Democratic States must do more to protect democratic freedoms
By Phil Lynch, ISHR Director
Cao Shunli - a Chinese human rights lawyer, pro-democracy activist and former ISHR trainee - died in Chinese custody almost a year ago. When news of her fate broke amongst her colleagues, they were shocked, distressed, and also undeterred in their resolve to continue their advocacy on China at the UN.
For them, the ability to exercise their rights to freedom of expression and association at the international level – rights denied at home – and to advocate for accountability and reform through human rights mechanisms – mechanisms which did not exist at home – was worth the risk.
Their response is a powerful reminder of the faith and responsibility that human rights defenders vest in international institutions... more
Protecting women human rights defenders
By Pooja Patel, Head of the women human rights defenders programme at ISHR
Over the course of the last decade, there has been at least some growing recognition that women human rights defenders not only face the same threats from both State and non-State actors as their male counterparts, but also often face specific threats from authorities, families and societies due to their gender – acts that often go unseen and undocumented.
The women human rights defenders movement has worked diligently to raise awareness of their particularly vulnerability to attacks, and the vital need for human rights strategies to take this into account... more
KEY DEVELOPMENTS AT THE COUNCIL
States call for action on reprisals: Live-tweet coverage of the high level segment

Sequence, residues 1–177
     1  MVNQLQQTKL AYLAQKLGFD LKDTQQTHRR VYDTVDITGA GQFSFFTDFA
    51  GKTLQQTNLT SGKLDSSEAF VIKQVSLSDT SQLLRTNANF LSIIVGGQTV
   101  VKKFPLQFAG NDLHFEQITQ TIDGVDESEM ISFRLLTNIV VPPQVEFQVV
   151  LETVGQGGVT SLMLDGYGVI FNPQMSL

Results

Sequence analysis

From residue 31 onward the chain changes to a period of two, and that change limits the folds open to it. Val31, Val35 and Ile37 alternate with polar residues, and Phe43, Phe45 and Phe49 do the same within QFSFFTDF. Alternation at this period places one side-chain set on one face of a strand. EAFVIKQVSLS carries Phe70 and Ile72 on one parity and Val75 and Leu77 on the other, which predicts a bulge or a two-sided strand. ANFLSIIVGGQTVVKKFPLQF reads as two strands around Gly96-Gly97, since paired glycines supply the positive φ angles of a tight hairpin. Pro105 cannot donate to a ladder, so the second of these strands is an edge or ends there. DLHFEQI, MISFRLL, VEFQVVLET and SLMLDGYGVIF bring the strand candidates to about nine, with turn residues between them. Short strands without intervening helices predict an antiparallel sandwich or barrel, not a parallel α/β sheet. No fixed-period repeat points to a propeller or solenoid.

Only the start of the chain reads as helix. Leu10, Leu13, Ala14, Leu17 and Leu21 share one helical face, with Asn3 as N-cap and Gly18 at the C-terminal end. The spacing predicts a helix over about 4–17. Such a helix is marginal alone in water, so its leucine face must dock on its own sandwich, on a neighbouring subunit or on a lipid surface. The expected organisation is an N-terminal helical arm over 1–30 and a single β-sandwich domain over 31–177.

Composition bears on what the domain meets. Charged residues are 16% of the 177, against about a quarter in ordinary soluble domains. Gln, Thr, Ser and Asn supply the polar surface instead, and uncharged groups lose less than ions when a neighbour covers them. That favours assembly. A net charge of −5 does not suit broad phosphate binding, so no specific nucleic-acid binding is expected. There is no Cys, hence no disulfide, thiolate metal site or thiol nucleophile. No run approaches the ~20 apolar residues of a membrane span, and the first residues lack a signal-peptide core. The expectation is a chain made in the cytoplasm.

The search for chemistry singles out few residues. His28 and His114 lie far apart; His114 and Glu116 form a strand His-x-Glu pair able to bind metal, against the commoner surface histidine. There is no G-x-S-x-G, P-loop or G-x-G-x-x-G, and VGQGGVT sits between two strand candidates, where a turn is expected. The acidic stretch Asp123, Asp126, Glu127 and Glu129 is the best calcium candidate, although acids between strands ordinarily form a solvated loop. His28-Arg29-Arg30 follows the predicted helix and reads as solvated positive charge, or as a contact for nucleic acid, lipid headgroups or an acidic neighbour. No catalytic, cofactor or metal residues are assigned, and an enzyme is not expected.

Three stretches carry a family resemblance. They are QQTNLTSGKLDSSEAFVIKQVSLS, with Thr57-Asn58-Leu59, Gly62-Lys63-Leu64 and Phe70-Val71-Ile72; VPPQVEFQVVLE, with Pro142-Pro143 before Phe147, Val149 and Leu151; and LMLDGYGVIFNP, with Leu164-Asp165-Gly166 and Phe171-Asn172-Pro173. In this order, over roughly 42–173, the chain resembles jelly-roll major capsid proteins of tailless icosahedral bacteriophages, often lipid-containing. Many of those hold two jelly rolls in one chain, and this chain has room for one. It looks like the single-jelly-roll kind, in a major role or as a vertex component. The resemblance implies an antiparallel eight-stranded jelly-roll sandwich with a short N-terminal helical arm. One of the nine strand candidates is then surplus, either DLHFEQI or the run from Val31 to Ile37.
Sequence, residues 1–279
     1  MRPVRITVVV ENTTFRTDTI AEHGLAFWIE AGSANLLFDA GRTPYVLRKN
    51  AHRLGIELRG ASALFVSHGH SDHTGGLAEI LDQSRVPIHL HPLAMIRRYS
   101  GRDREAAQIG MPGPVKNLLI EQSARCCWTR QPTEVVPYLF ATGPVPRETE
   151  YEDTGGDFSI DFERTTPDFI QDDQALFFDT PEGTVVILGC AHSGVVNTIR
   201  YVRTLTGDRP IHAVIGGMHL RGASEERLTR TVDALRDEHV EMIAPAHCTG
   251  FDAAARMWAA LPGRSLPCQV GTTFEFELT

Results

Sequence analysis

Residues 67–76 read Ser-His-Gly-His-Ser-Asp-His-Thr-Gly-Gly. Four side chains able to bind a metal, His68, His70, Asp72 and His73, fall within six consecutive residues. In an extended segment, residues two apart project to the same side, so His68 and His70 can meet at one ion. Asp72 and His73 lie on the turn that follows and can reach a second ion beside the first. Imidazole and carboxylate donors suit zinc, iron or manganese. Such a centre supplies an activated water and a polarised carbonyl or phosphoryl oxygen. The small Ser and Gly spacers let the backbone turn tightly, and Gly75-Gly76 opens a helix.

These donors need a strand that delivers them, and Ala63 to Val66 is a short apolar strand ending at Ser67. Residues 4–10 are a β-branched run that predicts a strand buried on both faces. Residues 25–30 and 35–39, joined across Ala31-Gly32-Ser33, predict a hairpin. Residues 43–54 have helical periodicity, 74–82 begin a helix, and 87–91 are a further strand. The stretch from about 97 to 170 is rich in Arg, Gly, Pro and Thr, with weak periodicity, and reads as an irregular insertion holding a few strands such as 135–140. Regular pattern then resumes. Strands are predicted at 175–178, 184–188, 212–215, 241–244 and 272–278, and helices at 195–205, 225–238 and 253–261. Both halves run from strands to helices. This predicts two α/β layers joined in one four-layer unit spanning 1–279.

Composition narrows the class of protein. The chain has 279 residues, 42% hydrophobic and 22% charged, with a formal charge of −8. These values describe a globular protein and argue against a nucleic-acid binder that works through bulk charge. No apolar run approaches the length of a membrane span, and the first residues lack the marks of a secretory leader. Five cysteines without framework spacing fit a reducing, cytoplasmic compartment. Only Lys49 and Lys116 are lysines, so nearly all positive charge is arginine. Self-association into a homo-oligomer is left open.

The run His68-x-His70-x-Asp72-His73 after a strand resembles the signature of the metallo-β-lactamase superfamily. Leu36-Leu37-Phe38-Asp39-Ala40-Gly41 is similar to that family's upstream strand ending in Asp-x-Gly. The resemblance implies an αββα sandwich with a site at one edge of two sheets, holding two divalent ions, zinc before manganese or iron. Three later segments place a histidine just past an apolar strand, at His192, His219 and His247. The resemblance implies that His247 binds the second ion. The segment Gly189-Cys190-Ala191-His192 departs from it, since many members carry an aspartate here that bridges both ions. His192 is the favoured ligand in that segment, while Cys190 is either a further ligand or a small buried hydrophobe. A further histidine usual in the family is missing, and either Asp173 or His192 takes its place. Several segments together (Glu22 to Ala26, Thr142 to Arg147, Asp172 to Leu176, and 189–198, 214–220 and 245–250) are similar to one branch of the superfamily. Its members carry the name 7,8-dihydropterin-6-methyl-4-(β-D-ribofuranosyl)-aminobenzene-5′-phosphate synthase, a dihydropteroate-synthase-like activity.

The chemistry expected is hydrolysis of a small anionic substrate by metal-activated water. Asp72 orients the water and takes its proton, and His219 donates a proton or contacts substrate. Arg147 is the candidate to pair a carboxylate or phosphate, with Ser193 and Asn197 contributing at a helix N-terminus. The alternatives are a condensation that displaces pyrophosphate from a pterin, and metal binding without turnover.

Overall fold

‘These kinds of strong statements on the need to combat reprisals against defenders are encouraging’ ISHR programme manager Ben Leather says. ‘We also welcome the emphasis of many States in their High Level Segment statements on the need to address those human rights issues which entail the greatest risks for defenders working to promote them, such as corporate accountability and LGBT rights. Botswana’s public commitment to promoting a regional dialogue on rights relating to sexual orientation and gender identity, for example, is to be congratulated’.
This session marked the first High Level Segment for which ISHR provided full live-tweet coverage. A complete timeline of these tweets can be found here. We will be tweeting #HRC28 updates for the remainder of the session. Follow us @ISHRglobal.
Presentation of Annual Report and Interative Dialogue with the High Commissioner
Over a six hour interactive dialogue on Thursday, the UN High Commissioner for Human Rights, Zeid Ra'ad Al Hussein, presented his 2014 annual report to the 28th session of the Human Rights Council.
The report was praised by many countries for the breadth of human rights areas that it covers, and the High Commissioner himself was repeatedly applauded for his deep and personal involvement in the activities of the OHCHR. Importantly, the High Commissioner's heightened awareness about the plight of human rights defenders was noticeable throughout the segment... more
Counter terror laws and measures must not criminalise human rights defenders